I often work with leaders that are frustrated by working with peers and team members that toss around problems for weeks or even months without a solution. Problems, questions, and requests become open wounds that hold the team or organization back from making progress. They turn into focus points that drain energy from other important projects and real forward progress...
Big news! We have a brand new article on Fast Company all about delegation. Delegation is a challenging yet essential leadership skill. Do you delegate with efficiency and confidence?
If you’re a leader striving to delegate more to your team members to open time in your calendar but struggling to feel confident that they’re ready to take ownership without your direction and guidance, here are some ways to start the delegation and transition process.
Discipline is a trait of many great leaders. Individuals are often given a position of leadership because they have shown that they have the strength to follow through with producing impactful results, often in the face of challenge. Leaders learn that discipline is an important tool. When we work up the discipline to follow through on something challenging and meaningful, it feels good. When we work through resistance, we build strength and we learn more about the work, the world, and ourselves, too.
Stepping into leadership means that we guide our team toward the big-picture mission and keep positive momentum going day-to-day. Teams have objectives to work toward and it’s up to the leader to design the approach and drive progress. There is a long, continuous path to collectively take on together. Over time, amongst the day-to-day work, team members often loose sight of the big picture mission and objectives, the progress that is made, and where attention should really be placed.
As leaders, we wake up each day with certain aspiration, responsibilities, and expectations at the forefront of our attention. Attachment and drive are key factors that tether us to our objectives and motivate us to show up each day to make progress. However, when taken to far and practice in the wrong ways, attachment severely limits us as leaders. In my new guidebook, Awake Ethics, I present four primary attachments that leaders have: attachment to our ways of doing things, attachment to results and gratification, attachment to our identity, and attachment to team members. Here I’ll talk a bit more about how understanding your relationship toward each attachment is important in order to lead more ethically and find more clarity day-to-day.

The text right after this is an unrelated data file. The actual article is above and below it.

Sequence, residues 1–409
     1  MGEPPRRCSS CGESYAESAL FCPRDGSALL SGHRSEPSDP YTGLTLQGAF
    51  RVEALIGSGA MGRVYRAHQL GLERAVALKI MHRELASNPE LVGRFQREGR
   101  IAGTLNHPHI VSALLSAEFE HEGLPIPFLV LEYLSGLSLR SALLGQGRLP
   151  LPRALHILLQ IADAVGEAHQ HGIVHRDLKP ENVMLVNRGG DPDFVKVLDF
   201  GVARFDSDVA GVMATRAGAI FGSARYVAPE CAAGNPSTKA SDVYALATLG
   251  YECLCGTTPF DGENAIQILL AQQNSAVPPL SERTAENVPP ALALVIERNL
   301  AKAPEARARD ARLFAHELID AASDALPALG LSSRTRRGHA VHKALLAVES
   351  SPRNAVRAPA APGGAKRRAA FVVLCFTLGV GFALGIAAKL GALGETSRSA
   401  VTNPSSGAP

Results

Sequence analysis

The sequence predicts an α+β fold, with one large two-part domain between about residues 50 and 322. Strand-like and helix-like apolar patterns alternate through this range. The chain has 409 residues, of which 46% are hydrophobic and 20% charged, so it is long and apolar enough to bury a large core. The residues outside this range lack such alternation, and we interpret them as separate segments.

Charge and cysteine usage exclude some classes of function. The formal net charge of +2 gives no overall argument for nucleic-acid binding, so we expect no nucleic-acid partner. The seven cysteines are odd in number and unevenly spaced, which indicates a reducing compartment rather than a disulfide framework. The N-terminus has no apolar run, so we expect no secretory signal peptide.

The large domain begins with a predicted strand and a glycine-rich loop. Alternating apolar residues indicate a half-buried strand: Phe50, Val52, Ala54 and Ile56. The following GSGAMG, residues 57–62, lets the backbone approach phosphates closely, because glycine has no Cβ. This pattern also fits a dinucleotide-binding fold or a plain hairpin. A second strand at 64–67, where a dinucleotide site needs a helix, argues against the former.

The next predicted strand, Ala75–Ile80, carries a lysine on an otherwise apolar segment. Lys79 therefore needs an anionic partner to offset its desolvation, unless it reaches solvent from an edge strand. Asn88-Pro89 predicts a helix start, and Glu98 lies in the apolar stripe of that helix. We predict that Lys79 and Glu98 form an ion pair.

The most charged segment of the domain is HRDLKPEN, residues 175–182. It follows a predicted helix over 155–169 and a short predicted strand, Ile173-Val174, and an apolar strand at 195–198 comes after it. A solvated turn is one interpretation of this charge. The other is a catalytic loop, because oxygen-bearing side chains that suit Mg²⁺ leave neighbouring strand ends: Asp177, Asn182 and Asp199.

I believe that most of us can agree that we attribute our professional trajectory and successes to our early leaders that were great mentors to us. It is hard to teach someone to become a mentor. The selfless effort one puts in to being a great mentor comes from the inspiration from our own mentors … Continue reading 10 Ways to Take Your Mentorship Practice to the Next Level
A team is a group of people that works together to achieve a common objective. As the number of members on the team grows, the team has more power but the dynamic also becomes more complex! There are more people to align toward the vision and practices for continuous communication become very important. Feedback is … Continue reading Unleash the Power of Positive Feedback
Throughout my time in the corporate world as a team member and leader, I found that, at any given, time teams fall into one of four categories: Obviously Category A looks most desirable to any leader, right? Category A teams have a solid team dynamic that enables relatively effortless and enjoyable collaboration. These teams are … Continue reading What are Category A Teams?
A primary part of a leader’s role is to support the team in reaching objectives. This involves keeping the team aligned on what the objectives are, ensuring the team has the resources to execute the work, and keeping the work engaging so the team develops and remains enthusiastic. In this post, I’ll detail the key differences between quantitative and qualitative objectives, provide insight on how to make your quantitative objectives impactful, and provide some ways to begin finding balance and new energy on your team.